Bantus eventually settled in the Jubba Valley of southwestern Somalia. However, they were denied access to modern amenities due to their minority status. The Somali civil war broke out in 1988, and military groups invaded the Jubba Valley, bringing violence, rape, starvation and death.
A few years later, many Bantus walked to refugee camps in Kenya, and while they were safe from Somalis, the camps still had a litany of problems. Mwaliya says that both he and many other Bantus he knew spent more than 12 years in the camps, where they were brutalized by Kenyan authorities, and no real jobs were offered. Farmland was not provided, and many Bantus abandoned their farming traditions.
Mwaliya recognizes the problems of the camps, but says nothing was as bad as their lives in Somalia during the civil war.
“You can’t even compare the camps to Somalia,” says Mwaliya. “You can see a kid dying there, just asking for something to eat or drink.”
Mwaliya says without work or farming access, and with little education, the camps put many Bantus into a cycle of dependency, something he wants to see his community break out of.
“You can advocate when your rights are violated, and you can advocate to move forward,” says Mwaliya. “You don’t get people to move you forward without moving yourself forward.”
In order to help refugees transition more easily, resettlement agencies offer language, housing, and job-placement services as well as a few months’ cash for rent and food. But agencies often have limited resources. After about a year, many refugees must provide for themselves.
Local groups like Northern Area Multi-Service Center offer cultural-assimilation programs, and the Greater Pittsburgh Literacy Council offer free English classes. These programs have helped thousands of refugees and immigrants adjust to life in Pittsburgh, but those programs might not be reaching the Bantus.
A 2007 graduate thesis by Leah Taylor on Pittsburgh’s Bantus from University of Pittsburgh’s School of Public Health points to some problems in the early years of the Bantus’ resettlement: “This lack of cooperation among providers and the system of resettlement in the U.S. that encourages refugees to work as soon as possible, regardless of language ability, further hindered the ability of the Somali Bantus to exercise personal agency after arriving in the U.S.”
However, social services have proven useful to many. For instance, when Russian Jews were resettled in Squirrel Hill in the early 1980s, they were embraced by the neighborhood’s Jewish community, and many have since bought homes throughout the county. Other groups from the Middle East, Africa and Europe have arrived and assimilated into Pittsburgh life so well, they’ve gone mostly unnoticed. Pittsburgh has resettled more than 1,000 Bhutanese refugees since 2008; that group has flourished enough that around 5,000 more Bhutanese from across the U.S. have re-located here to be part of Pittsburgh’s Bhutanese community.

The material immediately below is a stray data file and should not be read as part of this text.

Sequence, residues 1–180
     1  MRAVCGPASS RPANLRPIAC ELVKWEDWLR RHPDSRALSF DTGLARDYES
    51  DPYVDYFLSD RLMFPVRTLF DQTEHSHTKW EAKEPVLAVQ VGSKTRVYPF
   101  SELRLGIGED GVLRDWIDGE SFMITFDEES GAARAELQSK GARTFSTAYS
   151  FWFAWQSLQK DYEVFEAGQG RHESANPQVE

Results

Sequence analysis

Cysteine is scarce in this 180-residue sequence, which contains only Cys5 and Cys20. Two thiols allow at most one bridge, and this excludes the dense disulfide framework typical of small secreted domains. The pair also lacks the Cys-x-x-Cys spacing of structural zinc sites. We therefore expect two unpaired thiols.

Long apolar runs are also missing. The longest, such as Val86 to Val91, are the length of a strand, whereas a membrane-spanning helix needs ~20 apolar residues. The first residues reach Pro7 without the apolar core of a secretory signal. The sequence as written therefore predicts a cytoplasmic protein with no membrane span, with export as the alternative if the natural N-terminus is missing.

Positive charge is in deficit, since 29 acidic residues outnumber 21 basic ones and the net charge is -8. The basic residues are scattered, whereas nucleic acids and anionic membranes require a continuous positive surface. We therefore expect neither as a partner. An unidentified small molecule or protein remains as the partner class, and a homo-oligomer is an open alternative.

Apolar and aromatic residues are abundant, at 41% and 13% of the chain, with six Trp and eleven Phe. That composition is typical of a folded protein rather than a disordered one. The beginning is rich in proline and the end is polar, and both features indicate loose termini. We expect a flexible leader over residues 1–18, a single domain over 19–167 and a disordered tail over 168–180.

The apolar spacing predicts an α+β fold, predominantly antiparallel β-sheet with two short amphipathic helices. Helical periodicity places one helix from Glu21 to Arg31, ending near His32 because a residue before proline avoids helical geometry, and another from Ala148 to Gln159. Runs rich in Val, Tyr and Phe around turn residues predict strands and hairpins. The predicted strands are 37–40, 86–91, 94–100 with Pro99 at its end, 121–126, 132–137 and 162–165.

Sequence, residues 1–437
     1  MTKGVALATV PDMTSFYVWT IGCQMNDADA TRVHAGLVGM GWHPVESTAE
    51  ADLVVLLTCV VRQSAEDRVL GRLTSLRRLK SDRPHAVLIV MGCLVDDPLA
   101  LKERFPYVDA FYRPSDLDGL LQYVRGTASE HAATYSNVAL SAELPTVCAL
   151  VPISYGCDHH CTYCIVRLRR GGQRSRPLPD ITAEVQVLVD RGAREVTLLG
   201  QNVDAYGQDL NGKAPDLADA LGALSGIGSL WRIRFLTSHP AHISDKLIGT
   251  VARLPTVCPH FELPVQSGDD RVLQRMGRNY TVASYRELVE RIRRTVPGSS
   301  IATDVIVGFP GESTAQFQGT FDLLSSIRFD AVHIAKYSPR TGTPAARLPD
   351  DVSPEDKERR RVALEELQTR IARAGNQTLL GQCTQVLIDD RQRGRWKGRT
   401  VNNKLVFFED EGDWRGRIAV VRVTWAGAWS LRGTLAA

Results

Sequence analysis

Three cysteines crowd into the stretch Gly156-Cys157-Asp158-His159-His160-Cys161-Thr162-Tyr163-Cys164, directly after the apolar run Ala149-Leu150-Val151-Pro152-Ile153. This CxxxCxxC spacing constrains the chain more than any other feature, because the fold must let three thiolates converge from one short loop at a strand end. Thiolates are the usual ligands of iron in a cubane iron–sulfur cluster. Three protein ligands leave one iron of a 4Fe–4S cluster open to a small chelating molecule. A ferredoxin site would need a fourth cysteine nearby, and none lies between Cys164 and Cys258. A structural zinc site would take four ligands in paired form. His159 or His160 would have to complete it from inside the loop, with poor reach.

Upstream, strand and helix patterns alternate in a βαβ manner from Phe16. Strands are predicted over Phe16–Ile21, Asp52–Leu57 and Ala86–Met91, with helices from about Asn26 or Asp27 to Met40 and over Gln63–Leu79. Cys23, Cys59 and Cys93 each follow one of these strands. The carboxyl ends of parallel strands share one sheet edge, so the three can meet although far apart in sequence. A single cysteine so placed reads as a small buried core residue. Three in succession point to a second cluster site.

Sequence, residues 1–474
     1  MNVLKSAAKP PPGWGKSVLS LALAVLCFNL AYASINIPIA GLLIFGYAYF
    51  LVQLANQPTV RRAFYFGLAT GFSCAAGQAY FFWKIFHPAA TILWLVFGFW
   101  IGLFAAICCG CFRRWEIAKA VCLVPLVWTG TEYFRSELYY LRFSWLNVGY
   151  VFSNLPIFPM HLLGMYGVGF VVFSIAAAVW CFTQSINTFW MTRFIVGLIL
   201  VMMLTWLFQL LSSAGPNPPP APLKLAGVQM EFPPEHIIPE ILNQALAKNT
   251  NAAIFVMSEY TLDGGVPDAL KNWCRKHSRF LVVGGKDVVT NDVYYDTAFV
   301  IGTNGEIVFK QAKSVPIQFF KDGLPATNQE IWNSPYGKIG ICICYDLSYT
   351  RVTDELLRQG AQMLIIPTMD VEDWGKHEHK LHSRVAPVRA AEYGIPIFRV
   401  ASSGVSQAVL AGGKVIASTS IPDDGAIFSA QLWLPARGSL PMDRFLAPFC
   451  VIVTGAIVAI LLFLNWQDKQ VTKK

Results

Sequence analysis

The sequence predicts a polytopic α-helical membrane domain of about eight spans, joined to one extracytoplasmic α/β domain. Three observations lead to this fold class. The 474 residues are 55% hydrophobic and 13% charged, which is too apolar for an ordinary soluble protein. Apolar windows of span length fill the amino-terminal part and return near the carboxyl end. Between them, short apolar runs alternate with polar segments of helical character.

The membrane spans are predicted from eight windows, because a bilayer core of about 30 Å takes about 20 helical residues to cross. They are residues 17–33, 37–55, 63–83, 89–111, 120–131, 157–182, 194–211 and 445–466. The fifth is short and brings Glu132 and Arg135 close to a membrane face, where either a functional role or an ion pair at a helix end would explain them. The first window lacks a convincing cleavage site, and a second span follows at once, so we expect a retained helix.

The Bhutanese are arguably Pittsburgh’s best refugee success story. After starting to arrive in 2008, hundreds of Bhutanese refugees have gone to college and purchased homes in Allegheny County, according to Upendra Dahal of the Bhutanese Community Association of Pittsburgh. Dahal says more and more Bhutanese are coming to Pittsburgh because homes are more affordable here than in other parts of the U.S. they have resettled in, like California.
Dahal details many similarities the Bhutanese refugees, whose ancestors hail from Nepal, have with Bantus: Both come from farming backgrounds, both were widely illiterate in their home countries, both were ethnic minorities who were harshly persecuted by the government, and both struggled when they first arrived in Pittsburgh.
“The transition was very hard, we got lost all the time,” says Dahal. “We did not have any connections. We could not drive or use public transportation.”
But Dahal says the Bhutanese have a history of advocating for themselves that might have contributed to their success in the U.S. When the Bhutanese government began attacking the group, Dahal says some people organized peaceful protests against the government. Dahal adds that while life in the Nepalese refugee camps was not easy, the Bhutanese took advantage of educational opportunities in the camps, and some refugees, like Dahal, received scholarships to go to school in India.